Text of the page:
Whether a gage user designs and builds a fixture or purchases one, gage design issues remain the same, and they can be expressed as a series of trade-offs or compromises. Gages dedicated to a particular type of part or measurement are faster to use but less flexible than generic gages. Faster gages are also more expensive. However, accurate gages also cost in terms of complexity, throughput and money. In fact, easy-to-use gages might be more complex in design. Regardless, a poorly designed fixture can make it difficult to take accurate measurements. There are many considerations when designing gaging fixtures. Some gaging tasks are simple in concept, while others are inherently more specialized.
Why Make That Check?
Sometimes part manufacturers are not always sure what their gaging needs are. Over the years, there have been many design requests to measure irrelevant dimensions. One manufacturer wanted to gage the overall thickness of a gear to ±0.005 inch. In fact, that dimension was meaningless in the assembly. Conversely, and even more importantly, experience has shown that a manufacturer may fail to recognize a critical dimension and allow it to go through the process ungaged. One benefit of using a gage builder is that they tend to do more than design and build gages; they also help manufacturers determine how, when and why to gage.
After establishing a concept that will produce the required level of accuracy, the gage requester must weigh his or her need for throughput, flexibility and ease of use against cost. Essentially, it all comes down to answering a series of application questions about the speed of the gaging process: How quickly can operators set up the gage? Do they need to set it up at all, or does it remain in place to perform the same check repeatedly? Do they need to check every piece or just audit quantities? How many dimensions must they check on each part? Are they checking parts for “go/no go” or qualifying them into categories by dimension? What level of recordkeeping is required—if any? All of these factors will influence how quickly a part gets through the gaging station.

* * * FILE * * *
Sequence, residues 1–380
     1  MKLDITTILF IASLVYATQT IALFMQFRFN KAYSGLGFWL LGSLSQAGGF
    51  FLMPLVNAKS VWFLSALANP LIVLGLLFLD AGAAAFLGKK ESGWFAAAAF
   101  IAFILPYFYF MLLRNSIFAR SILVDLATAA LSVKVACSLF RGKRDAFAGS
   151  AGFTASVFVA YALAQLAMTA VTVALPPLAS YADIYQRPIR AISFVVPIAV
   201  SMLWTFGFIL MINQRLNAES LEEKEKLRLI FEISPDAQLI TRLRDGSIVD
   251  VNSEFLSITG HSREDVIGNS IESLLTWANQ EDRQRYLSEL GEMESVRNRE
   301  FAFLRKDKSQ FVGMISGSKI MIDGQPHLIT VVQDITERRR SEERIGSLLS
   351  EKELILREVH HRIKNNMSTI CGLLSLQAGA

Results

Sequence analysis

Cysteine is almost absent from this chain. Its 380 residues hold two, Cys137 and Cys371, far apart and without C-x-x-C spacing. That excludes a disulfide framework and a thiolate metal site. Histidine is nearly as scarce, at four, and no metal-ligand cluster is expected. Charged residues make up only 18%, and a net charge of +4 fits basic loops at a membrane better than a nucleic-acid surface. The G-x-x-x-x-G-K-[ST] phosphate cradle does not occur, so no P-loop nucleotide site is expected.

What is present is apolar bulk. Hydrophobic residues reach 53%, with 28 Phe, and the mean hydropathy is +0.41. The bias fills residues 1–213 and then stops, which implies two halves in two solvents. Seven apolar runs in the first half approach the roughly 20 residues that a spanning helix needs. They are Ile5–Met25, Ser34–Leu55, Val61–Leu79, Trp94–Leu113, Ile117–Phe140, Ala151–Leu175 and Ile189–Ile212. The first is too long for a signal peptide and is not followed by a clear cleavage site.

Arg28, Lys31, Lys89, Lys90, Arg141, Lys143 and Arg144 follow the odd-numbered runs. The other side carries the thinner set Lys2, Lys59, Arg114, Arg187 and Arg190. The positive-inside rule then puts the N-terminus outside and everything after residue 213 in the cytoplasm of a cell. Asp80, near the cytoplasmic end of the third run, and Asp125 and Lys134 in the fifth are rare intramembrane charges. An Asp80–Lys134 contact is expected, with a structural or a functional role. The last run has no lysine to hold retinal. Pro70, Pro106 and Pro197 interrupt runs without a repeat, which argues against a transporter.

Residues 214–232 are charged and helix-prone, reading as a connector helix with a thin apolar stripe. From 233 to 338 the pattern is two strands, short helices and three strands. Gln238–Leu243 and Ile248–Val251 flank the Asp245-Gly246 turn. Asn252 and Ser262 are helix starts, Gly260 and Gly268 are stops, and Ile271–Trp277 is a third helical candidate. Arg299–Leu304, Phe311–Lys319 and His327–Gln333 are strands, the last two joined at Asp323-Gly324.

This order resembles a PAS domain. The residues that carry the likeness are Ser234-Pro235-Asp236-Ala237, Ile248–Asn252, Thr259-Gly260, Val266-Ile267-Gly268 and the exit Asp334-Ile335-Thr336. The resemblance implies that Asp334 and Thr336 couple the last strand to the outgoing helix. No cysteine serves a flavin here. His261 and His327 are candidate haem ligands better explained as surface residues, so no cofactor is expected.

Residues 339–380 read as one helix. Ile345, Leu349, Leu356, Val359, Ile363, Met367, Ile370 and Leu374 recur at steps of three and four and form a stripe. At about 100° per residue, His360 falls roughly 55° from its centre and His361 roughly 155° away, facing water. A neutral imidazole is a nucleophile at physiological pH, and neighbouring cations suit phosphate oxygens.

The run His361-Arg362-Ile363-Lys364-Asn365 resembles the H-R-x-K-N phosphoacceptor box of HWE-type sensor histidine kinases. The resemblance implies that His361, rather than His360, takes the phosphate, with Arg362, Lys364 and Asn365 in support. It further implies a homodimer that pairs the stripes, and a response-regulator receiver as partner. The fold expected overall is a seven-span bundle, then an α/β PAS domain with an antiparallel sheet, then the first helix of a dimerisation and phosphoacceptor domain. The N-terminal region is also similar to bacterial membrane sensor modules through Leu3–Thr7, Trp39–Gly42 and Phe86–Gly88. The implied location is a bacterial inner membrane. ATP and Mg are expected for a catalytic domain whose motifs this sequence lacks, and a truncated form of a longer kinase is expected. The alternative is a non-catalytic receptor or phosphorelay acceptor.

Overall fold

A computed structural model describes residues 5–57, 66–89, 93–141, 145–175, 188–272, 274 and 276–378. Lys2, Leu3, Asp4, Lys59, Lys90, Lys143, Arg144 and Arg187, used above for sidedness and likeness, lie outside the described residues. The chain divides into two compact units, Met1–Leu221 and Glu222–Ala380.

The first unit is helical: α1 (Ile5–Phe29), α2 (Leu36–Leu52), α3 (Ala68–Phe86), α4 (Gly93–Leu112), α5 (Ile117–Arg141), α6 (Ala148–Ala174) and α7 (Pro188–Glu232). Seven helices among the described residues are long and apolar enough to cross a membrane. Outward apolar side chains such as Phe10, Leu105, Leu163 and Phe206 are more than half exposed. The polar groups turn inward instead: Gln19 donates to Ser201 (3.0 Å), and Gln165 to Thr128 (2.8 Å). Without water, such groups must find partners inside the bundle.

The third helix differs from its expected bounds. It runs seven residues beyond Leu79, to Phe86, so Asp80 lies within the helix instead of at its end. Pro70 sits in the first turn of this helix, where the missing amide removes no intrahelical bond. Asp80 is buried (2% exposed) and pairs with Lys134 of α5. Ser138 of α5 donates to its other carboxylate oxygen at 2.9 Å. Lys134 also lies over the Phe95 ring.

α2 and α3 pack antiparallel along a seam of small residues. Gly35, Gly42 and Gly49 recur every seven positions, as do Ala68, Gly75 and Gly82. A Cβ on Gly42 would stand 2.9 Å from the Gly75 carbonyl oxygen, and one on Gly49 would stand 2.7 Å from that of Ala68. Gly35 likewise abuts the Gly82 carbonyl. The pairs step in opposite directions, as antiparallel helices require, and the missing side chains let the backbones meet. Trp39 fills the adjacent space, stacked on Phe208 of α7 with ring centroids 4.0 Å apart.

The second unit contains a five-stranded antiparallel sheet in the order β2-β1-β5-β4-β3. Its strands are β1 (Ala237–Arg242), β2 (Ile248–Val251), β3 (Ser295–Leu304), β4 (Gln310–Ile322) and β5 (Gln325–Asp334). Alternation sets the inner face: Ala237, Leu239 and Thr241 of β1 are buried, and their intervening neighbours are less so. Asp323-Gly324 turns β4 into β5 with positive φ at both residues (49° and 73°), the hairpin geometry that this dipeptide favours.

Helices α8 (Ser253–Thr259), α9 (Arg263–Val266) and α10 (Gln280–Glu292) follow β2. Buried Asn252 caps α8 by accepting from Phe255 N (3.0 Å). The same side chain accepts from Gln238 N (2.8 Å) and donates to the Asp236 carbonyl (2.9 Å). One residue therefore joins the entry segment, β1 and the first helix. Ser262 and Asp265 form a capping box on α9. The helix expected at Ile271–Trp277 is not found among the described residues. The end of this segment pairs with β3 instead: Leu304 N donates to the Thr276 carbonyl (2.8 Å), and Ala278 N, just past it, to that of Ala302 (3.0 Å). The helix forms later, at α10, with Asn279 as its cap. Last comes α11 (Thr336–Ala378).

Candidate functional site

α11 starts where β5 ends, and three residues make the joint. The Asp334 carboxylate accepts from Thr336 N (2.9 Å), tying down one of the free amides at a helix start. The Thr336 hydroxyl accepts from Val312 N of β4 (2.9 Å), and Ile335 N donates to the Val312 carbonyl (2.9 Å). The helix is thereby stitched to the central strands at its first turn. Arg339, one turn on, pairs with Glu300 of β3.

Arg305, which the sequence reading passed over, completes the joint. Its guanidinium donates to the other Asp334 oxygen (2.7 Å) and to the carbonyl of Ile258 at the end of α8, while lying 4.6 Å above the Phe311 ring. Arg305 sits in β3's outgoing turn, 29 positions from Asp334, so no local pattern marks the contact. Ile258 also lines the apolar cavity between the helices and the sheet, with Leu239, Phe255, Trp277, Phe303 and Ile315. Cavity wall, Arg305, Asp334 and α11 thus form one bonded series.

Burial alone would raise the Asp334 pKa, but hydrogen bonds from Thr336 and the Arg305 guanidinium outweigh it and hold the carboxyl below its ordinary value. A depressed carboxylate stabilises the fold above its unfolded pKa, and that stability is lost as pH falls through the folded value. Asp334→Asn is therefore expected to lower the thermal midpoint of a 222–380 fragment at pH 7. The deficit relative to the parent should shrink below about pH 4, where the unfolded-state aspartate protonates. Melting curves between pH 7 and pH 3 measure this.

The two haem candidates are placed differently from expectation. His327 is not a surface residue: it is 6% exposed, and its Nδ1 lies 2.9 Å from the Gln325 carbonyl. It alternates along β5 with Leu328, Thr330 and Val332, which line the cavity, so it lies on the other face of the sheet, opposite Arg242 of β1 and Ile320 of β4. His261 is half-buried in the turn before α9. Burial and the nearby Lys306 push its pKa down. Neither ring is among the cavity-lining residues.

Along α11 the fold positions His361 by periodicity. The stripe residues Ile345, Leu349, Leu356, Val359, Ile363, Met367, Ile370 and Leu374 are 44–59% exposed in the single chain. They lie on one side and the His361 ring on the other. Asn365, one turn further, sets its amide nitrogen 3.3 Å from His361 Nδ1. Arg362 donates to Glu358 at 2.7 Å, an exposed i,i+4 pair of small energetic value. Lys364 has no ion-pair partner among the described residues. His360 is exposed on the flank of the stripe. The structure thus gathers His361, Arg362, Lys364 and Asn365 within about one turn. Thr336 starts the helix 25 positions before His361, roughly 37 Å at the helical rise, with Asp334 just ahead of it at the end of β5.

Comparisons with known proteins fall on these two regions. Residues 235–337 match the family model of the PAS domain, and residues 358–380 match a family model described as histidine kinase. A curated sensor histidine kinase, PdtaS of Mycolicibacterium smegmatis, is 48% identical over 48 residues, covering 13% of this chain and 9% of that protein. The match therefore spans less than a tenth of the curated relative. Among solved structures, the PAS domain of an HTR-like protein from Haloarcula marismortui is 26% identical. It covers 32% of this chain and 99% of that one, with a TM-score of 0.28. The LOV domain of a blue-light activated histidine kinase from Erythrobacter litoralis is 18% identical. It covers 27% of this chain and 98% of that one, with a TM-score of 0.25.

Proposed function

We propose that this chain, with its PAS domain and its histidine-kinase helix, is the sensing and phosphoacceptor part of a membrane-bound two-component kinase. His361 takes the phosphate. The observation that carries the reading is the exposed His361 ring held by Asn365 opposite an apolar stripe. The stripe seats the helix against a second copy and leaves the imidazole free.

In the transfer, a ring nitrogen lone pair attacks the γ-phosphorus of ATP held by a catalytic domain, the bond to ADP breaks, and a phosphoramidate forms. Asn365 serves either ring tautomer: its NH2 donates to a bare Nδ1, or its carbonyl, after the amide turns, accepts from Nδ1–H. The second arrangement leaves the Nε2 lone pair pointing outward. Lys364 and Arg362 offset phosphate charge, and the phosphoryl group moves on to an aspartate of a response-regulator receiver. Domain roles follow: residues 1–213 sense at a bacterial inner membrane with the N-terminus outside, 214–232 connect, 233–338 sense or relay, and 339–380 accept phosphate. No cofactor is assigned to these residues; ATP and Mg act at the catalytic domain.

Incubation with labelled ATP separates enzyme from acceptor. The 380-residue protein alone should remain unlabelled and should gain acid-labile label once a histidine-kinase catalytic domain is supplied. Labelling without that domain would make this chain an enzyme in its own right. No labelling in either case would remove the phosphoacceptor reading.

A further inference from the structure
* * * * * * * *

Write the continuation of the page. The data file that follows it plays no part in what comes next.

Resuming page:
When gaging requirements are modest, the investment in fixturing usually is as well. Anyone making occasional measurements to tolerances of ±0.010 inch can usually get by with a dial or test indicator mounted on a bracket and sitting on a flat steel base—all very basic, generic equipment. If the part being measured is a simple cylinder, operators can place the part in a V-block and rotate it by hand while keeping an eye on the indicator.
This is a time-consuming gaging method, both for setup and for the actual gaging. However, if the shop is making the parts in small quantities, the use of simple, generic equipment and minimal specialized fixturing may be the most cost-effective solution to a gaging problem. Nonetheless, if you need to gage the same dimension every hour or every second, a more permanent, specialized arrangement may be essential.
The ability to combine several measurements in one gage is an important means of speeding up a gaging operation. There are limits, however, to such combinations. Small parts will impose certain limits on the number of checks that can fit in a gage. It might be possible within a single fixture gage to check several diameters on a large diesel engine piston. Making the same number of checks on a refrigeration compressor piston might require two or three gages because the contacts or indicators will not fit closely enough together.
Fixturing is a capital expense, and it often involves a significant outlay. A manufacturer of critical parts, therefore, must carefully weigh his or her needs when purchasing a fixture. Too much fixturing can mean unnecessary expenses that will never be amortized. Too little (a much more common error) can result in a range of problems, including inaccurate measurements, excessive measuring time, inability to operate without excessive training or expertise, inflexible use and even unreliable gaging information.